We had a light breakfast of pumpkin empanadas at the coffee shop attached to our casita rental office, and arrived back at the MOIFA atrium in time for the opening keynote. Jeffery Pilcher, professor of history and author of Planet Taco: A Global History of Mexican Food, expounded on the evolution of tortillas. We learned how the Spanish introduced wheat to the New World, resulting in a divergence of materials, and a parallel evolution of corn and wheat-based tacos. Now there are new variations being rung on the old model. There have been reported sightings of a corn-wheat blend tortilla, and even one made with Vietnamese rice flour.
(As an aside, I learned later in the week that making tortillas is not as easy as I had thought! A further installment of this thrilling series will report on my taco-making class at the Santa Fe School of Cooking.)
Then there was a delightful surprise. The day’s first Art Break brought us poetry by Damien Flores of Albuquerque. His readings were performance art of the highest level. “El Cuento de Juana Henrieta,” the title poem of a slim volume of his verse, is a riff on the John Henry legend, telling of a cocinera‘s face-off with a tortilla-making machine.
Afterward, he was lionized in the hallway. All the copies of his book were sold, and he signed them with a becoming modesty.
Then, an outstanding series of talks, each too short: first up, the famous cookbook author Deborah Madison, a resident of Santa Fe but veteran of Greens and Chez Panisse restaurants in San Francisco, talked about local vegetables. (Introducing her, the moderator said, “Raise your hand if you don’t own a Deborah Madison cookbook.” No hand moved.)
Patricia Crown, Professor of Anthropology at the University of New Mexico, analyzed potsherds from Chaco Canyon and discovered the earliest traces of cacao north of the Mexican border – one of those potsherds was on view in the New World Cuisine exhibit. She described how archaeologists study patterns of food migration by analyzing food residue and human artifacts. The composition of bones and teeth can tell both what individuals ate and whether they moved from where they were born.
She brought along a reproduction of the cylinder jars from Chaco used for drinking chocolate (until the 19th century, chocolate was always consumed as a liquid).
The shape of these pots is entirely impractical for drinking. Yet, 110 of them were found in one room in Chaco. The theory is that the shape was deliberately distinctive to indicate to any observer that the drink contained was the pricey and exclusive chocolate, therefore denoting the high status of the consumer.
The last talk before lunch was given by Chef Juan Jose Bochenski and his wife, Mercedes, about mate customs. They also conducted a demonstration and tasting. Best: mate gelato, made with mate and fruit juices. And the chef’s amazingly cute kids.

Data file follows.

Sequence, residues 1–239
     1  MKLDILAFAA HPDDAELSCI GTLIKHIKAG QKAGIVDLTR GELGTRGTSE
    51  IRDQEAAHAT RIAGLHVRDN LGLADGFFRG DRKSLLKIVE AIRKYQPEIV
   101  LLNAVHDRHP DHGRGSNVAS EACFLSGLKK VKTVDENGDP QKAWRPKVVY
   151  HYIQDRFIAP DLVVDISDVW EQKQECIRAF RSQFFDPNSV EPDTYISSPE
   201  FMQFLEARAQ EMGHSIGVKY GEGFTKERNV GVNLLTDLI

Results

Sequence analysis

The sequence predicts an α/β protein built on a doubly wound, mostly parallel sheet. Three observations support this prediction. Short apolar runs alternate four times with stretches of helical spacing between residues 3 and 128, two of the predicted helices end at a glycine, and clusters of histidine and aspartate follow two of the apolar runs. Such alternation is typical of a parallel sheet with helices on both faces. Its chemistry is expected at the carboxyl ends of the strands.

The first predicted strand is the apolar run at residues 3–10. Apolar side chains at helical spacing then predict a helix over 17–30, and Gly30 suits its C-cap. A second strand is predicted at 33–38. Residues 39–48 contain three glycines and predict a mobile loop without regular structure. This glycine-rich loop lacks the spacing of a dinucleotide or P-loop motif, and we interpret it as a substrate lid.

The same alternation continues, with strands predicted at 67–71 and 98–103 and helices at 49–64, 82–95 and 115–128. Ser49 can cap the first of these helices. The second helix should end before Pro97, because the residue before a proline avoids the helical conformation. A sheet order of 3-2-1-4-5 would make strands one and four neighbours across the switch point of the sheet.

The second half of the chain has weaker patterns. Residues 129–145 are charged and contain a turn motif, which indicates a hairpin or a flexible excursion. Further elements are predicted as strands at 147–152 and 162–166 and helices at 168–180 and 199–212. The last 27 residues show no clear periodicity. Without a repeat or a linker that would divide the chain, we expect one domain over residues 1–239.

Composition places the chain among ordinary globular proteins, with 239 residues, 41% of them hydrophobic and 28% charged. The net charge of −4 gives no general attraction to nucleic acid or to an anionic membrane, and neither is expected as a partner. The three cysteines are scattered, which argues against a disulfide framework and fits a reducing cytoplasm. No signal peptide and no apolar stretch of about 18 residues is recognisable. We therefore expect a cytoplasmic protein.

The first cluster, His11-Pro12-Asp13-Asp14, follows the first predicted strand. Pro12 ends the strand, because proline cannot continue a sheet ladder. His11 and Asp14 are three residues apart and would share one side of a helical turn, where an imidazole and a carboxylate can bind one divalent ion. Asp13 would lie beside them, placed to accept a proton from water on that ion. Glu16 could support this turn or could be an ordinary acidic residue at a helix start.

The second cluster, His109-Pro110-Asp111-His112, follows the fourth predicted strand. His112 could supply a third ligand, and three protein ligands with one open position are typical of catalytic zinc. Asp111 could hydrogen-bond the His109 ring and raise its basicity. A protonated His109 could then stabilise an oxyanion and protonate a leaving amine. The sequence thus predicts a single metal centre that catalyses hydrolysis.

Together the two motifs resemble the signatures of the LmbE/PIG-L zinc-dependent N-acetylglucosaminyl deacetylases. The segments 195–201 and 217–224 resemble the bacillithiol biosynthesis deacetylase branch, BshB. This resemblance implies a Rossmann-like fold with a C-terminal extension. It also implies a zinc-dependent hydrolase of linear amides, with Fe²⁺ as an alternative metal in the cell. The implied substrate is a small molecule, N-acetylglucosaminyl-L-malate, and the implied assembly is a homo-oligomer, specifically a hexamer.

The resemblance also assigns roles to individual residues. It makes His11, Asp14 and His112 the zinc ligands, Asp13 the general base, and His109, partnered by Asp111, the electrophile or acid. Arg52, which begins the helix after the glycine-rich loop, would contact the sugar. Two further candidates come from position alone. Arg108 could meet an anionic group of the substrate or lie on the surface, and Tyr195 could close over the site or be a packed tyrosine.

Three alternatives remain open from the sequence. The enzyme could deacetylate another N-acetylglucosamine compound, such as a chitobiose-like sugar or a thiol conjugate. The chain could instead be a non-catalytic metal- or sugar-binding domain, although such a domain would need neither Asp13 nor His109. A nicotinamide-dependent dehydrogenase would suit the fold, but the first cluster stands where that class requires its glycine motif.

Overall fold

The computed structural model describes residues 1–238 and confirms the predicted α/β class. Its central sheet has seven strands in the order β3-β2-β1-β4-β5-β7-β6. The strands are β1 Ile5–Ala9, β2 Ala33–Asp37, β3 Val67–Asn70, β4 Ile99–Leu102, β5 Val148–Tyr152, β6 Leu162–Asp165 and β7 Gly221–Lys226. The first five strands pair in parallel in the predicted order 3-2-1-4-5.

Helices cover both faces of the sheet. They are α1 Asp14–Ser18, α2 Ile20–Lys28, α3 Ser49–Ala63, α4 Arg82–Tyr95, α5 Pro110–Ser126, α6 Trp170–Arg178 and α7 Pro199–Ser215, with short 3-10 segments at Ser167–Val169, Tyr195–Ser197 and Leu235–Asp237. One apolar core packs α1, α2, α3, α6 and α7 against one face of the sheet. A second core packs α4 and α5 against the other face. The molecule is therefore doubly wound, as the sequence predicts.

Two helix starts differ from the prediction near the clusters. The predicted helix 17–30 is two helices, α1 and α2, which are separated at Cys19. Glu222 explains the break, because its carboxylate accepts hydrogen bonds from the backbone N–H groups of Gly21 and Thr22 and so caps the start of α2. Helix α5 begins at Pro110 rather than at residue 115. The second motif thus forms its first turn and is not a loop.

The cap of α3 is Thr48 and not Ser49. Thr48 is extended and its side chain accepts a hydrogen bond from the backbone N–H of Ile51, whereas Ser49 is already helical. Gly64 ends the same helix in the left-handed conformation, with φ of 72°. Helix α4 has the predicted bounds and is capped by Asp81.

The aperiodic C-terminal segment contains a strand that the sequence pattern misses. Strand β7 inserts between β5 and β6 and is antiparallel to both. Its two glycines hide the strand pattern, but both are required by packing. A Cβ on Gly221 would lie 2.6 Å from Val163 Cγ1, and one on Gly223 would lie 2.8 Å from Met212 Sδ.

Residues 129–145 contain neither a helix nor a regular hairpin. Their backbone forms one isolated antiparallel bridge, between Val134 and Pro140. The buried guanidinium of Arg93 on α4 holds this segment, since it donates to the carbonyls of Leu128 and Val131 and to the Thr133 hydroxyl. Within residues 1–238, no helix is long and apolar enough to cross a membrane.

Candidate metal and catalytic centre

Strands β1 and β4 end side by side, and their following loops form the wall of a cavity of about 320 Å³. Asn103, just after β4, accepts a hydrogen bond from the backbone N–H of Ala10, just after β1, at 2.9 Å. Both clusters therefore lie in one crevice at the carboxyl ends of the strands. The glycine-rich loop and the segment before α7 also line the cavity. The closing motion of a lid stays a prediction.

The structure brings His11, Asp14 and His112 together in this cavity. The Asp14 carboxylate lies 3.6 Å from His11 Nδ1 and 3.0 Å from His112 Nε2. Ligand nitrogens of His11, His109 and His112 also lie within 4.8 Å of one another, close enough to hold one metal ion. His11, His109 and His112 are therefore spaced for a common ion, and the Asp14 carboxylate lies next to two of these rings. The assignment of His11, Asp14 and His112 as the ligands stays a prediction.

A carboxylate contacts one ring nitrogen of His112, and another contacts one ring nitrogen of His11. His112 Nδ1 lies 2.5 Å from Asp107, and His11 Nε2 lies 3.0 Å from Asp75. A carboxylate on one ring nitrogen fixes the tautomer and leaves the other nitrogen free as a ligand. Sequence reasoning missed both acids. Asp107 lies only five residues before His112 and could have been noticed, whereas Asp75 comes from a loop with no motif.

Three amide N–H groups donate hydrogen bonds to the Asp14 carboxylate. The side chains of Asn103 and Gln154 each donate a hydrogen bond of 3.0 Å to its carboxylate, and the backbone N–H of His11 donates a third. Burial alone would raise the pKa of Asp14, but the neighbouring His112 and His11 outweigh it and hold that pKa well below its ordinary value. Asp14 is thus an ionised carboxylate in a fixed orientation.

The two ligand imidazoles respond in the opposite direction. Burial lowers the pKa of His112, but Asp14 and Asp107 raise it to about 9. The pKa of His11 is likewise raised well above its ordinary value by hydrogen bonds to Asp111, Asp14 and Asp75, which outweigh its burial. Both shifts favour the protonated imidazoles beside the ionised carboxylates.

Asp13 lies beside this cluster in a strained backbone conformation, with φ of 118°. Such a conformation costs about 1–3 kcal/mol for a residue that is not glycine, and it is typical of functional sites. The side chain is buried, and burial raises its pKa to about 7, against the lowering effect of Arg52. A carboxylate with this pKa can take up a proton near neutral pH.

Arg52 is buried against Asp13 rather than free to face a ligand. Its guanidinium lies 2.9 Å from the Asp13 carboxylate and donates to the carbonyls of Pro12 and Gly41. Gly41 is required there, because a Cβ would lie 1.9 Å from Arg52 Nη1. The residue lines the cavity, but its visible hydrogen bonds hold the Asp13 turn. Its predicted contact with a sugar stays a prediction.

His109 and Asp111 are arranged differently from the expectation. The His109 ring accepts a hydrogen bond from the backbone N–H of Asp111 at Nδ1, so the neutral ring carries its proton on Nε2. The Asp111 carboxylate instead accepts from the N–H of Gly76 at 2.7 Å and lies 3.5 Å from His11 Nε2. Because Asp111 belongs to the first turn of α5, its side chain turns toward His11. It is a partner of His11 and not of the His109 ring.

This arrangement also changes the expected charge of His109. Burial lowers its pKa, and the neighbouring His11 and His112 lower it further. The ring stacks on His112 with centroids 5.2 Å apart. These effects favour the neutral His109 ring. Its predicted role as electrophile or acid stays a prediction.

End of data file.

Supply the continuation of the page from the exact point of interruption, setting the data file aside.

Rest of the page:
For lunch, we were directed to the staff parking lot, where two food trucks were waiting to serve us local specialties. The weather was mild enough to eat outside, on the museum’s plaza.
We ate in the company of two schoolteachers, who were at the conference happily gathering ideas for projects to share with their students. Tere and Paula gave us several tips about food-related things around Santa Fe. They were great company!
We had goat tortas (sandwiches), which were a little too generous with the spicy chile for me, but the green chile stew was delicious, also the chiliquitas. There was locally-bottled ginger beer and lemon soda to drink.
Local chef Josh Gerwin is boss of Dr. Field Goods food truck. The other truck was a production of the Four Seasons hotel chain. Formally: Four Seasons Rancho Encantado Executive Chef Andrew Cooper’s Four Seasons Taste Truck – quite a mouthful! The food from both was tasty, but the Four Seasons offerings had just a slight edge.
After lunch, the chocolate panel (¡Holy Mole!) was moderated by Nicolasa Chavez (see Santa Fe Part 1 ) Maricel Presilla, Saturday’s keynoter, who was having so much fun that she had extended her stay to be at the conference’s second day, was a surprise addition to the panel.
The other panelists were Patricia Crown, Rocky Durham from the Santa Fe Culinary Academy, and Tony Bennett from the Kakawa Chocolate Shop. They each brought a different perspective to the discussion.
Maricel mentioned, during an anecdotal history of chocolate, that Che Guevara established a chocolate refinery in Cuba. Patricia remarked that the Church did not consider chocolate a food, and therefore it could be consumed on fasting days. Tony serves a drink at Kakawa based on Thomas Jefferson’s recipe, and Rocky considers chocolate a superfood.
And then, there was a chocolate tasting! Both solid and liquid forms were laid out for our delectation.
And for the final presentation of the conference, John Sedlar, a local legend. Maricel called him “the father of modern Southwestern cuisine,” and the conference attendees showed him due deference. Although transplanted to Los Angeles, Chef Sedlar remembers his roots in his development of the Latin food journey. He expounded on his vision of food as a sensory and visual experience.
A” sensory and visual experience” is great way to describe the whole conference! Add intellectual stimulation and interaction with fellow foodies, both local and from the wider world of culinary exploration. I hope to return for next year’s edition!
Note: My thanks to Steve Cantrell and Shelly Thompson, conference organizers, for their kind invitation to attend and write about FUZE SW.